Charges

The defendants were accused of maintaining ties with Viet Tan ,[11] a US-based pro-democracy organization to establish democracy and reform Vietnam through peaceful and political means.[17][18] All of the 14 defendants rejected the charges.[6] Defendant Nguyen Dinh Cuong’s sister-in-law Kim Chi stated that many defendants have attended training workshops organized by Viet Tan on leadership skills and online security, but that their activism was aimed at helping the people, not at overthrowing the government.[6]
Dang Ngoc Minh and her daughter Nguyen Dang Minh Man were accused of painting the slogan “HS.TS.VN” on a school, which means “Hoang Sa, Truong Sa, Viet Nam”. The slogan has been used to support the case in the Spratly Islands dispute that the islands belong to Vietnam. The Vietnamese government actually agrees with statement.[19]

Sentence

The verdict was announced by Judge Tran Ngoc on January 9, 2013. Three have been sentenced to 13 years, and 11 others to 3–8 years on charges violating Clause 1 of Article 79 of the Vietnamese criminal code for organizing “to attempt to overthrow the government”.[5][11] At the trial, Paulus Le Son was the only one not to have acknowledged any wrongdoings.[11][20]
According to Human Rights Watch, the supposed charges included attending a training course by Viet Tan in Bangkok, being members of Viet Tan or actively participating with the organization.[15]
A BBC report says that these sentences were among “the harshest given to any political dissident in Vietnam in recent years”.[15]

International Response

The United States Embassy in Hanoi stated that it was “deeply troubled” and called the trial a “part of a disturbing human rights trend in Vietnam.”[5][7]
Brad Adams, Asia director of Human Rights Watch, condemned the arrest and calls for the “convictions to be squashed immediately”. He states “The conviction of yet more peaceful activists is another example of a government that is increasingly afraid of the opinions of its own people. Instead of imprisoning critics, the Vietnamese government should be honoring them for their efforts to address the myriad problems facing the country that the government itself has also identified.”[4] Phil Robertson, the deputy director of the Asia division of Human Rights Watch also followed up with “this was the largest group to be brought to trial together in recent times.”[5]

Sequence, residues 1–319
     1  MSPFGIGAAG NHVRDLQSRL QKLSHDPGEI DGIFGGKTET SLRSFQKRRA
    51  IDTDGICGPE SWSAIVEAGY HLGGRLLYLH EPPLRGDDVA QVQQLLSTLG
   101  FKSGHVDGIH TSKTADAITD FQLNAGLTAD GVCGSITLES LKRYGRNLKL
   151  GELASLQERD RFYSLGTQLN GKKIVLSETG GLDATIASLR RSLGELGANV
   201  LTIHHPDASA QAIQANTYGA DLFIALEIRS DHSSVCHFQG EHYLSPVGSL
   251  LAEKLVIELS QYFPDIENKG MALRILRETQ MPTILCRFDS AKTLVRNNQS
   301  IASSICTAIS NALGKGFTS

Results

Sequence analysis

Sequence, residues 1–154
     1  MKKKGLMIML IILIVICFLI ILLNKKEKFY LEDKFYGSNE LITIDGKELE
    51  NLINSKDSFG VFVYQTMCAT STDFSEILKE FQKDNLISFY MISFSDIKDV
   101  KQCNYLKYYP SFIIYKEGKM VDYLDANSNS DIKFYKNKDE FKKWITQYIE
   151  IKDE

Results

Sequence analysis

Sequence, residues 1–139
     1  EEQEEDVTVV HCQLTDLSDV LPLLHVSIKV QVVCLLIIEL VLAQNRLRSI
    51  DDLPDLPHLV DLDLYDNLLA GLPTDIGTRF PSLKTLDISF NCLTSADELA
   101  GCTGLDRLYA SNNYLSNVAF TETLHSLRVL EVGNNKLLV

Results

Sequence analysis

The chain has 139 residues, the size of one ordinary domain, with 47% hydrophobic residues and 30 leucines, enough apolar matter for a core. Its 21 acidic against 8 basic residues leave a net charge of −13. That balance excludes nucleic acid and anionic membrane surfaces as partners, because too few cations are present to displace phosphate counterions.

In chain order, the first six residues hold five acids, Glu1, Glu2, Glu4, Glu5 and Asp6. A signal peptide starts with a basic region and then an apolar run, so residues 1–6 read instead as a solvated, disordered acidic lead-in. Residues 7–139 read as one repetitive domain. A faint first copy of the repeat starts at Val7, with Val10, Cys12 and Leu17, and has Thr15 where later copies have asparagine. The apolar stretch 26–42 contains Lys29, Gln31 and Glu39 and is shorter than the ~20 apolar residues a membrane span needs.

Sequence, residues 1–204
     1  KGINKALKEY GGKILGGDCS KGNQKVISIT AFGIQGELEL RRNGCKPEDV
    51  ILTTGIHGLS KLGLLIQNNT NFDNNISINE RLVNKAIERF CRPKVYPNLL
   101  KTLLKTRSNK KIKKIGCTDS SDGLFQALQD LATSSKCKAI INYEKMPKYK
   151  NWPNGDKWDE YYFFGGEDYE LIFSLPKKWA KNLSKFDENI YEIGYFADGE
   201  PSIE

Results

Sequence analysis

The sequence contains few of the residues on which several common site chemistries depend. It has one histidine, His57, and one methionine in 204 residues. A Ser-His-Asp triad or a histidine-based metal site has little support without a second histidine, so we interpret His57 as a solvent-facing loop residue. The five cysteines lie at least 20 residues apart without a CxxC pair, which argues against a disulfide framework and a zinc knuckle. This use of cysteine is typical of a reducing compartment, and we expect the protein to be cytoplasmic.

Reporters Without Borders quickly emerged and stated that it is “appalled at the groundless verdict handed down yesterday by a court in northern city of Vinh” and that it is the position to prove his innocence. The statement also reads that “We have proof that the Vietnamese authorities use false pretexts to convict bloggers that criticize them.”[11] The organization released a picture of Paulus Le Son attending a training course organized by Reporters Without Borders in Bangkok to prove that he was not meeting with Viet Tan as the prosecutors have claimed.[21]
In a news briefing in Geneva on January 11, Rupert Colville, a spokesperson for the Office of the UN High Commissioner for Human Rights of the United Nations expressed alarm over the fact that “the convictions were handed down after only two days of trial […] and that these latest convictions […] exemplify the limited space for critical voices in Vietnam.”[22]
In a press release by Amnesty International the organization says that “the conviction and heavy sentencing […] flies in the face of justice and is part of an escalating government crackdown on freedom of expression.” [23]
Duy Hoang, spokesman for Viet Tan, calls the trial “a disregard for peaceful political expression and democratic aspirations.” The organization has neither confirmed nor denied that the 14 detained activists are among its members. [24] In an official statement, Viet Tan rejects “the fabrications peddled by the communist court to rationalize the ‘subversion’ charges”.[24]
A statement by US Congresswoman Loretta Sanchez says “the final product of an unjust criminal justice system in this subversion case was a verdict of 100 years imprisonment forced upon 14 patriots.”[25]
Other human rights organizations have called this the “largest subversion to be brought in years” in Vietnam[5]

Call for Release

Many other organizations have called for an immediate release of the defendants including the Amnesty International,[23] Electronic Frontier Foundation,[26] English Pen,[27] Human Rights Watch[5]